A funny truth: the more interaction we have virtually, the more important it becomes to see people face to face.
While Global Voices is a completely virtual organization, with no offices, no headquarters, no location other than that of our members, we spend a lot of time trying to see each other face to face. Georgia Popplewell and Amira Al-Hussaini are at the BlogHer conference this week, and many of the rest of us are jealous, both because it should be a great conference and because we’re missing a chance to see our friends.
When you interact with someone online, it can smoothe your offline interactions. You’ve got a common context, something to talk about. You know things about each other that could takes weeks or years to come up in ordinary conversation.
African bloggers, brought together by aggregators like Afrigator, BlogAfrica and the beautifully redesigned Kenya Unlimited, have been looking for events that bring them together face to face. The first iteration of the Digital Citizen Indaba in Grahamstown, South Africa received some criticism that the gathering didn’t represent the diversity of the African blogosphere and was heavy on South African bloggers, non-African bloggers and, to be frank, white dudes. The DCI is happening again this year and bloggers are invited to apply for scholarships – I hope that many African bloggers will. TED Global in Arusha helped demonstrate how valuable it can be for African and Afrophile bloggers to spend time face to face – DCI is another opportunity for bloggers to get together on someone else’s dime.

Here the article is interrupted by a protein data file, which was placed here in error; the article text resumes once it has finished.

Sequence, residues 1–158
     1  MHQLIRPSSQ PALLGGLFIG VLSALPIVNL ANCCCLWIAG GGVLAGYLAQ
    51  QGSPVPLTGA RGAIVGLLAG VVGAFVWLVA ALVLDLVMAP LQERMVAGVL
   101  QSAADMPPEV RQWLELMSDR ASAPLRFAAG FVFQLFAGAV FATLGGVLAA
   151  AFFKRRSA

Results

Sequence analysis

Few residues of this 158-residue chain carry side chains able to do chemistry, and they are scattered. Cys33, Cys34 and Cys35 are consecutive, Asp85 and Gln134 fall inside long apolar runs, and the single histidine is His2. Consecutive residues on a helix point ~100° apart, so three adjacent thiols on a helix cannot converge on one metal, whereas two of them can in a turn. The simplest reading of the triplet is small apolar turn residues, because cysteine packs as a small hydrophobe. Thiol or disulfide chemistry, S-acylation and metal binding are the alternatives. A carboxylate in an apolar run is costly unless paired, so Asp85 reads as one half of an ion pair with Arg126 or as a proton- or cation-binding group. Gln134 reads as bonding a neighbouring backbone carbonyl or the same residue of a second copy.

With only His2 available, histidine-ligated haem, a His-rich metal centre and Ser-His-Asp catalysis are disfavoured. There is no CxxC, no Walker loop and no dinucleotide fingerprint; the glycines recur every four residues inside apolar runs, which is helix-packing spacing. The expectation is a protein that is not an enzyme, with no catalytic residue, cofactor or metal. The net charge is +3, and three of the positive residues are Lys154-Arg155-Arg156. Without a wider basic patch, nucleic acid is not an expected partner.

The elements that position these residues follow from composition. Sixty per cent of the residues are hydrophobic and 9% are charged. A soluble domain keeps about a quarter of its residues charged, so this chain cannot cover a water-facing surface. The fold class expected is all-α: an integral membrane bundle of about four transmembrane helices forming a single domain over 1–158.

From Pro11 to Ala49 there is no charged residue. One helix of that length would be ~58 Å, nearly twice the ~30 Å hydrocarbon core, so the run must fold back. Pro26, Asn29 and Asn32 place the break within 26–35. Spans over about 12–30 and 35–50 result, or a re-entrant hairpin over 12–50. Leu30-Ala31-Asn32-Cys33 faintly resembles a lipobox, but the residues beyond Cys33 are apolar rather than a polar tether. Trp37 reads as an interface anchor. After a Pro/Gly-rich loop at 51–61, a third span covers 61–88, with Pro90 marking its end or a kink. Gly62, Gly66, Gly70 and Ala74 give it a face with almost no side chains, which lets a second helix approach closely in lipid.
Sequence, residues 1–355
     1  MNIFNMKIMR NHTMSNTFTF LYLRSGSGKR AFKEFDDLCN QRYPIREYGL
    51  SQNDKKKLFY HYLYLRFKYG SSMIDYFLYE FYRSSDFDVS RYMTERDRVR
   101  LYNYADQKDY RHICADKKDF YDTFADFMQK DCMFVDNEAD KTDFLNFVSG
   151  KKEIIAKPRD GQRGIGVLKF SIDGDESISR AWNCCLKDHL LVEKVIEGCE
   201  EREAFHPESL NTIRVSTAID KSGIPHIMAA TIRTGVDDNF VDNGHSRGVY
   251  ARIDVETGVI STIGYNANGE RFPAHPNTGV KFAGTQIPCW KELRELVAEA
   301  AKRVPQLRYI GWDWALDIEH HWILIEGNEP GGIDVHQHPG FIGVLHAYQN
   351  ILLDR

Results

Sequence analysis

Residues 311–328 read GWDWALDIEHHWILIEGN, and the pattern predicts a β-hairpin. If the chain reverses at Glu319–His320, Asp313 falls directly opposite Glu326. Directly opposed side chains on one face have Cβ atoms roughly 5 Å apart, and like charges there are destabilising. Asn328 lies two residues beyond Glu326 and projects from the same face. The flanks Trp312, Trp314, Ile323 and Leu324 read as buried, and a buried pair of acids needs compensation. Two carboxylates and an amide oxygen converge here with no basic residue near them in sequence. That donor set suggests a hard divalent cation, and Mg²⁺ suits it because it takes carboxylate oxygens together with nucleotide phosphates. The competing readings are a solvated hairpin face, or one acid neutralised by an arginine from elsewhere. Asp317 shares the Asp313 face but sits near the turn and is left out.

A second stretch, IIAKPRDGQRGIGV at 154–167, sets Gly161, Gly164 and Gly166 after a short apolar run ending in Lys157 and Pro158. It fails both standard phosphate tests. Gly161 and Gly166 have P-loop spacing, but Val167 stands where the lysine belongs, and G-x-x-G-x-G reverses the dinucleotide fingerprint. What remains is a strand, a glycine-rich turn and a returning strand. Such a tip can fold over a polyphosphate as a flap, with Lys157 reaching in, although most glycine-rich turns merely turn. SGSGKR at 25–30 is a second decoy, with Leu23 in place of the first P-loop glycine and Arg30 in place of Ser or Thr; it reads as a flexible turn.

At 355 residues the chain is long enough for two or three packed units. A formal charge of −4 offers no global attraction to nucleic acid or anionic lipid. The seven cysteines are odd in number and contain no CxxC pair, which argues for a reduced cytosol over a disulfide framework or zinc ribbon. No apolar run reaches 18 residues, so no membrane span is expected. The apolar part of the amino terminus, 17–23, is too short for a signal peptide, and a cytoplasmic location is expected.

The Cambodian bloggers – or “Cloggers”, as they’re evidently known – are getting into the game and planning the first Cambodian Blogging Summit in late August in Phnom Penh. The conference is the outgrowth of a series of 14 workshops taught by Cambodian bloggers which have introduced 1700 students to blogging. The summit it a chance for Cambodian bloggers to work together, and to meet other bloggers in the region face to face, sharing insights, strategies and starting projects. Beth Kanter, who works closely with the Cambodian blogosphere, will be attending and offering some trainings at the summit. She’s trying to raise $4,000 to bring three “videoblogging kits” to the summit, which could be given to up and coming videobloggers at the event. If you’re inclined to support this worthy cause – either fiscally, or by offering her advice, training materials, sources of cheap video equipment – please check out her wiki space on the project.